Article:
The Plot in Five Sentences Or Less: In the 1940’s, America was at war, but its military was still segregated. Against this backdrop, fresh recruits arrive at Port Chicago outside of San Francisco. They are black men and, because of this, they are given the highly dangerous job of loading ammunition onto the ships with little to no safety training. On the evening of July 17, 1944 a huge explosion rips through the port, killing over 300 people. In the weeks following, 50 of the men refuse to load any more ammunition and are therefore put on trial for mutiny.
My Take: The Port Chicago 50 is not Steve Sheinkin’s most exciting book, but it is his most poignant. I found that the narrative slows down some during the trial portion of the story, but the final chapters more than make up for this. By the end of the book, I found that I had a knot in my throat as I considered the sacrifice that these black sailors made, really until the ends of their lives. The Port Chicago 50 is another example of Sheinkin’s gift of making history interesting and relevant. Highly recommended for ages 12+ looking for a non-fiction read concerning civil rights.
One Interesting Note About the Author: Steve’s brother-in-law Eric Person was the first to bring the story of the Port Chicago 50 to his attention. Eric mentioned the theory that the first atomic bomb was exploded not in the New Mexico desert in 1945, but rather a year earlier at Port Chicago. Intrigued, Steve dug deeper and unearthed the story of the Port Chicago 50.
The Plot In Five Sentences Or Less: Jack Hughes and Terrence Mullen are low level crooks in the late nineteenth century who make their living pushing counterfeit money a.k.a. “coney.” With the capture of their engraver, Hughes and Mullen devise a crazy scheme to raid Abraham Lincoln’s grave and hold his remains for ransom. On their trail is Secret Service Agent Patrick Tyrell, who plants a ‘roper’ or turncoat in their midst to keep an eye on the grave robbing gang. The action climaxes at Lincoln’s tomb one night when Hughes and Mullen attempt to pull off their heist.
My Take: Sheinkin successfully bottles lightning in a jar again. In Lincoln’s Grave Robbers, he recreates the fast pace and interesting narrative of his previous book “Bomb” (please see my review of that book here). I would recommend this book to any teenager interested in a little known episode of history. This book will hold their interest.
One Interesting Note About the Author: When he was doing research for this book, the curators of the Lincoln Monument showed Steve around the grounds and let him see places that most tourists never get to see– “like the old dirt floor labyrinth under the monument where Tyrell waited, gun in hand, for the robbery to begin.”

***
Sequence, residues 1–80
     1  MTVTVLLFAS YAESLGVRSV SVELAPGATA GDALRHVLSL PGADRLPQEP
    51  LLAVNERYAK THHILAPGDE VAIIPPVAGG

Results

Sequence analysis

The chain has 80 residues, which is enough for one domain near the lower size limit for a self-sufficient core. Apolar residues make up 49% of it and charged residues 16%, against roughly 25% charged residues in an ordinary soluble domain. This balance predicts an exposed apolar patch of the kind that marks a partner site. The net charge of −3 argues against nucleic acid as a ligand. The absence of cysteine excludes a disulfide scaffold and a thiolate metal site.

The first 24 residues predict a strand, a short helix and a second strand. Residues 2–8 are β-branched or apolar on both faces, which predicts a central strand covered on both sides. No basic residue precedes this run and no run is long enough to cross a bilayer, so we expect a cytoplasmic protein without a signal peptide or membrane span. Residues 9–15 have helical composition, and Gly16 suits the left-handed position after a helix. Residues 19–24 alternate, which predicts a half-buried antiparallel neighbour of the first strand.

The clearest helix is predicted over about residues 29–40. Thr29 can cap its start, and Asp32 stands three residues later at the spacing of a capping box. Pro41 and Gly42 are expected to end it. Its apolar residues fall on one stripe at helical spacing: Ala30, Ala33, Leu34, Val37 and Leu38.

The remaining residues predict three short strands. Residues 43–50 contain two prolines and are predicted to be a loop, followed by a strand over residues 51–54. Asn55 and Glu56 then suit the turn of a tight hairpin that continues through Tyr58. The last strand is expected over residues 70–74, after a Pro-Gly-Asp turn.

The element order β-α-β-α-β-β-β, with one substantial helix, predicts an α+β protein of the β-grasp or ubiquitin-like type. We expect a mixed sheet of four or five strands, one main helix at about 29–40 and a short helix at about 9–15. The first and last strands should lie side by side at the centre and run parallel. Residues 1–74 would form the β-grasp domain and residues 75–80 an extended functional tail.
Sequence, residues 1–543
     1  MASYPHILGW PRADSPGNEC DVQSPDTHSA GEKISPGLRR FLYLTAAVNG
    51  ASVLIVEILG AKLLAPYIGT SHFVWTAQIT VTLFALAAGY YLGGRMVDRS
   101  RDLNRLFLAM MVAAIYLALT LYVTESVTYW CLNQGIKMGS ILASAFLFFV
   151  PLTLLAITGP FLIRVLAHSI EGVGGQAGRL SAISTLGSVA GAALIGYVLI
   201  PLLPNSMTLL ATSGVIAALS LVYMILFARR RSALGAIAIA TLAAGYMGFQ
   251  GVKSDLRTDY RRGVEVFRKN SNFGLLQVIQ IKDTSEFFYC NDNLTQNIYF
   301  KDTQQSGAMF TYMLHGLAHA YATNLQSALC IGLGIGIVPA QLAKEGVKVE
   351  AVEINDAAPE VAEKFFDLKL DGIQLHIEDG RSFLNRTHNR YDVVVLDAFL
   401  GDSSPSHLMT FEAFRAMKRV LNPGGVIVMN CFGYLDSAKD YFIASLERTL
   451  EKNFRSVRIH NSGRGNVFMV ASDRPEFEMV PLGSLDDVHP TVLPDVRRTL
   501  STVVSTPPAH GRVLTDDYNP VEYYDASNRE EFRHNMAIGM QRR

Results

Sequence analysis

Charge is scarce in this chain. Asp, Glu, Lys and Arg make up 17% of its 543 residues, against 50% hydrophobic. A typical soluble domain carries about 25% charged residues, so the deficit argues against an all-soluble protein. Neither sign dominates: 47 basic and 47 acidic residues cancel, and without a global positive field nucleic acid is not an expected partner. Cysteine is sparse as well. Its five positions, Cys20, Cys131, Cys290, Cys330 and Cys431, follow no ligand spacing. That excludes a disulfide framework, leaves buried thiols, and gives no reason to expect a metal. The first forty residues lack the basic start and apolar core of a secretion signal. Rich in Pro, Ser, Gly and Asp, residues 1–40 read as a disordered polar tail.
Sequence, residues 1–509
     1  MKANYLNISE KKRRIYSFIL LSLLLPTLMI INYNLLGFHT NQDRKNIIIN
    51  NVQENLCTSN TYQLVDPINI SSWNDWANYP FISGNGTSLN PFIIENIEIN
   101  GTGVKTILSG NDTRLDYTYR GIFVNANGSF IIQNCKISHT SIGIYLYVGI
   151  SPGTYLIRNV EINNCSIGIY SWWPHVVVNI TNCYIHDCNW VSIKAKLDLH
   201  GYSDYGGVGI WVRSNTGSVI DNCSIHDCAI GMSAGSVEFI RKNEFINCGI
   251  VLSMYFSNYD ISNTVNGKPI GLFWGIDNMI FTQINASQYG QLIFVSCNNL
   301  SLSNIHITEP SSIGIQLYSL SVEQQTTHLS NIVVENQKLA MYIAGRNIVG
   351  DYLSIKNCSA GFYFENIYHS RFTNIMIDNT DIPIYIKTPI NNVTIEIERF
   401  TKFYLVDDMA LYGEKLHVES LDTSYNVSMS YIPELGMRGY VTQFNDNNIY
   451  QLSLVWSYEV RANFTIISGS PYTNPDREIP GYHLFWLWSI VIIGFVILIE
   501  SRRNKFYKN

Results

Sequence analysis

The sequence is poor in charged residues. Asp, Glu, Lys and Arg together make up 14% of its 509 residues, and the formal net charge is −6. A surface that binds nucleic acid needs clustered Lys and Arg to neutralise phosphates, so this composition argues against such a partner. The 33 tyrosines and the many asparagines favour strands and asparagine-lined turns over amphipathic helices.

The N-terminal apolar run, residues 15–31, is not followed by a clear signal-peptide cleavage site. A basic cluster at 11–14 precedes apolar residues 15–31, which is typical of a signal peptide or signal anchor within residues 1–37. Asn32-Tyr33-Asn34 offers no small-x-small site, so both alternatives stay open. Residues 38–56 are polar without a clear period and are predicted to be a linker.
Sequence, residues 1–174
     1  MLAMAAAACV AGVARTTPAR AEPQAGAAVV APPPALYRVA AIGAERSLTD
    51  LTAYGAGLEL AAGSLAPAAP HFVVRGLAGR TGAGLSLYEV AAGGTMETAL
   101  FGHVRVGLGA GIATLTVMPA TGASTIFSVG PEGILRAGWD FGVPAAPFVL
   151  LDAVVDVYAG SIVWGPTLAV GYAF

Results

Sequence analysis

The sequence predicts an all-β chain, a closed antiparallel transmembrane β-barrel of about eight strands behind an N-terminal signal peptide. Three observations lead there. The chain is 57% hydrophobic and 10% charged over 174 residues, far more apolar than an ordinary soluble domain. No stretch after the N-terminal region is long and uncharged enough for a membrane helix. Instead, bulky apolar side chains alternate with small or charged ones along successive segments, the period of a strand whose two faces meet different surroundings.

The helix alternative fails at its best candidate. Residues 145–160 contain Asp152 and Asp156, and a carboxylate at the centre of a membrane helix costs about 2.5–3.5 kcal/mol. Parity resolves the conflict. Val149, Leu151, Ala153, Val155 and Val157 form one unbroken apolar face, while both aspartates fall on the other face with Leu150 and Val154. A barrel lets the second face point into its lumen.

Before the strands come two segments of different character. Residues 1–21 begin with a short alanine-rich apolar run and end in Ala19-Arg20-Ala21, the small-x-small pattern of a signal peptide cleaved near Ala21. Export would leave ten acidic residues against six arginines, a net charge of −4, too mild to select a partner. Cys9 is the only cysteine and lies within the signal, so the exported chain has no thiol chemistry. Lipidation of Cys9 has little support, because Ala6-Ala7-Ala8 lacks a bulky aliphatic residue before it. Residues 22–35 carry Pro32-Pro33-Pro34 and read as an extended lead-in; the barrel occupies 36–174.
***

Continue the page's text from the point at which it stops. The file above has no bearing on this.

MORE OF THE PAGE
The Plot (in 5 sentences or less): This nonfiction book follows the journey of two young men, Marshall Bond and Stanley Pearce, as they journey into the Klondike during the gold rush. Starting in the summer of 1897, they make the decision to head for British Columbia only a few hours after gold rumors began flying. Sailing to Skaguay, Alaska by ship, the men put together an outfit and journey over the White Horse Trail, over several lakes, and into the waters of the Yukon River. They arrive in Dawson City in the fall, build a cabin, make connections and begin doing the hard work of staking and working a mining claim.
My Take: I was impressed by the use of primary source material, the letters of Bond and Pierce, throughout the book. Selected passages from the letters are interesting and understandable to modern younger readers. The authors’ own writings that are interspersed between the letters adds a fuller picture of the arduous Klondike journey. The generous amount of photographs and maps also add to the appeal. I would absolutely recommend this book to younger readers interested in the gold rush of the late 1890’s. Ages 12+
One Interesting Note About the Author(s): Kim Richardson is the great-great-grand nephew of Stanley Pearce. In the summer of 2010, David Meissner retraced some of the journey of Bond and Pearce into the Klondike. He stated that “every step of the trail made me appreciate the toughness of these stampeders.”
The Plot (in 5 sentences or less): Tipped off by European physicists in 1939 that it was possible to create an extraordinarily dangerous bomb, FDR signs the order which sets off the race to create this powerful weapon before the Nazis do. Brilliant physics professor Robert Oppenheimer puts together a team of world class talent and brings them to Los Alamos, New Mexico. Meanwhile, Russian agents scramble to cultivate spy connections to penetrate the military base and steal the secrets behind the atomic bomb design. Concerned that Nazis are ahead in the race to build the bomb, partisans attack a heavy water producing plant in Norway to to inhibit German efforts. The final chapters of the book cover the story of the dropping of the two atomic bombs on Japan and the devastating effects.
My Take: I was lucky enough to hear Steve Sheinkin speak at the Virginia Library Association’s Conference in Williamsburg, VA on September 27 when he accepted an award for this book. It is definitely well deserved. Bomb is tightly written and reads like a fiction thriller. I read it in probably two sittings and simply did not want it to end. My one critique of the book is its use of conversational dialogue throughout. I always question when historical non-fiction books use quotes: how do they know that they said exactly that? Still, this is a mild criticism for a wonderful book.
One Interesting Note About the Author: Steve Sheinkin started his career by editing and writing textbooks. Disenchanted with how many interesting stories that he had to leave out of the history books, he began writing history books for kids in which he could keep all of the fascinating odds and ends.